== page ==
“We’re a family business and we try to live up to that,” Settles said last year when interviewed after the company earned its fourth Distributor of the Year nomination (2011, 2016, 2021, 2022). “We’re a second-generation business with Daryle and I, yes, but we also have a lot of good people who make up Weldon Parts and I am honored for them that they received this recognition.”
Undoubtedly, some of that recognition is due to Weldon Parts’ operational excellence. More than 1,500 miles separate the furthest stores in the Weldon Parts 17-store network, making the company one of the largest distributor entities by area of operation in the United States. Running a business that physically isolated requires strong in-store management and industry expertise, which is why the company prioritizes empowerment, worker autonomy and delegation throughout its network.
“I’ve always been a delegator and when you have a business like ours you have to be. We can’t be in every store every day,” Settles says. “We give (our branch managers) freedom to run their stores like they are their businesses. Because, in a lot of ways, they are. They best understand their customers and their needs and how to service them.”
But that doesn’t mean the company’s associates work on an island. Weldon Parts has a dedicated training manager who travels throughout the network to provide guidance on corporate processes to leaders and offer necessary product and system training for front-line employees. The business hopes to reinstitute its in-person annual sales and leadership meeting this year after a pandemic hiatus, and it also leverages on-site and online vendor product curriculum to best positions its sales associates. Settles says the latter is something that’s grown on him the past few years.
“I’ve come around on online training. I was not a big fan at first but it’s a very efficient way to bring a lot of people up to speed quickly,” he says.
And staying informed is essential to Weldon Parts’ continued success. Settles says his father and uncle were able to grow Weldon because they cultivated relationships with their customers and listened to them when they suggested or proposed new services. He says the company’s 120 associates are encouraged to do the same, with good ideas forwarded up the chain to managers so leadership can consider changes.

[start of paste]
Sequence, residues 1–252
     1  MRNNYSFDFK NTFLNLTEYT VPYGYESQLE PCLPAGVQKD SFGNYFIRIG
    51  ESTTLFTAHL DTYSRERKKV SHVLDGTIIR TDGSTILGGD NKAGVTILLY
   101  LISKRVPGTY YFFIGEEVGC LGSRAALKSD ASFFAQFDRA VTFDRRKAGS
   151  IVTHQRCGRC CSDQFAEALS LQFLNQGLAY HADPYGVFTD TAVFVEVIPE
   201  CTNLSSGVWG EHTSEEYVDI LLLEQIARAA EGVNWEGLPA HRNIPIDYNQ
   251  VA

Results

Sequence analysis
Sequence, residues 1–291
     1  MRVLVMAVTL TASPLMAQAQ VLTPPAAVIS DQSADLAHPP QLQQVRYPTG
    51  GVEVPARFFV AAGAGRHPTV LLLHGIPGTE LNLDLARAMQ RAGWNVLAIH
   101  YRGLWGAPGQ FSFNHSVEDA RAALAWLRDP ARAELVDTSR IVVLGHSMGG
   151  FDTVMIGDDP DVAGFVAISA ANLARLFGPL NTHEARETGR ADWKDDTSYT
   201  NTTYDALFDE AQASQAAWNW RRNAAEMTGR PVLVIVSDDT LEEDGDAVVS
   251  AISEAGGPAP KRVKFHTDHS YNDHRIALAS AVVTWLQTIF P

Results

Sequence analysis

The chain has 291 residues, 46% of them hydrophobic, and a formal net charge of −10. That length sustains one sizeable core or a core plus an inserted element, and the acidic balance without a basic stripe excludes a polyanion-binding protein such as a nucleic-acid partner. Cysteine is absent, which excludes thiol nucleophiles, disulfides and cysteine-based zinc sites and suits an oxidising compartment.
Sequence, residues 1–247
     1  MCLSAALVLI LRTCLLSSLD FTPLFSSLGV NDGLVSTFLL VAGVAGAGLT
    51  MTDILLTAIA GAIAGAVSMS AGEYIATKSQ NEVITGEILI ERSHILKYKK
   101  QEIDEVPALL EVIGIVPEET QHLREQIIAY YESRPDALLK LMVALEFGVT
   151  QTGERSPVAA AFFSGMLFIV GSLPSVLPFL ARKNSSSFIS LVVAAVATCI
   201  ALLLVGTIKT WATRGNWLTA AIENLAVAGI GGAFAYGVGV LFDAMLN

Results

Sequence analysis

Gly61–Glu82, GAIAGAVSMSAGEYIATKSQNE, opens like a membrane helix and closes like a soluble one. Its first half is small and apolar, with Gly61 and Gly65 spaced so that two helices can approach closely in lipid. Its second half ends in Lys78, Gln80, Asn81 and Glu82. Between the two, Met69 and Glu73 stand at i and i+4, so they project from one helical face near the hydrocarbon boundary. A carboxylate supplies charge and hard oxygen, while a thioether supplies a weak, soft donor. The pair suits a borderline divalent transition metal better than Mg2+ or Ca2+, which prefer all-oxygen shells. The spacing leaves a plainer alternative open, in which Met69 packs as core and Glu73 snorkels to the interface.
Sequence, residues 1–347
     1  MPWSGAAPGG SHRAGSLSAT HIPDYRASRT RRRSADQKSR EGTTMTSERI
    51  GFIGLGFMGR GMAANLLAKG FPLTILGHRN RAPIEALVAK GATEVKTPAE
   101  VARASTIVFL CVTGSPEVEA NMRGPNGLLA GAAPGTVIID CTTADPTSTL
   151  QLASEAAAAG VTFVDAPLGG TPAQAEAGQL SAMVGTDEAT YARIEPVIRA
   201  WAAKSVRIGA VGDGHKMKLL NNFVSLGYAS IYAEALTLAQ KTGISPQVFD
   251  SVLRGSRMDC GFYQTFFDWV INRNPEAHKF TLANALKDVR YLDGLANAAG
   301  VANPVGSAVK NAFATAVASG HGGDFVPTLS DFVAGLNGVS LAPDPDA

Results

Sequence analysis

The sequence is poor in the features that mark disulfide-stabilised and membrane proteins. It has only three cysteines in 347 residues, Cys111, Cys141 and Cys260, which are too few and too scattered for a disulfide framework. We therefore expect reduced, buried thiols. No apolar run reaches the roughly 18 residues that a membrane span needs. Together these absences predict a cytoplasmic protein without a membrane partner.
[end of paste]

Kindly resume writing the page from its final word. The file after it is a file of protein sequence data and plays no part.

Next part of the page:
“Living in the oil patch, I never try to predict anything,” he says. “We try to stay up to speed on what’s happening in the market and react quickly when we see changes need to be made.”
Across its network, Weldon Parts supports hundreds of vendors and thousands of product lines. Settles says Weldon Parts expanded its vendor base during the recent supply chain crunch to ensure its stores and warehouses remained stocked at all times. The company also remanufacturers brake shoes and offers some service at select locations.
Compared to the company Leon and Dean founded in 1955, the only similarities between Weldon then and now might be the name. But Settles says while the operation may have evolved, its day-to-day focus remains unchanged.
“I think this is going to sound contradictory but at the end of the day we’re not doing anything that different than what we did 30 years ago,” he says. “This is a fairly simple business. The rules may change and things evolve but, ultimately, our focus is knowing our customers and their needs.”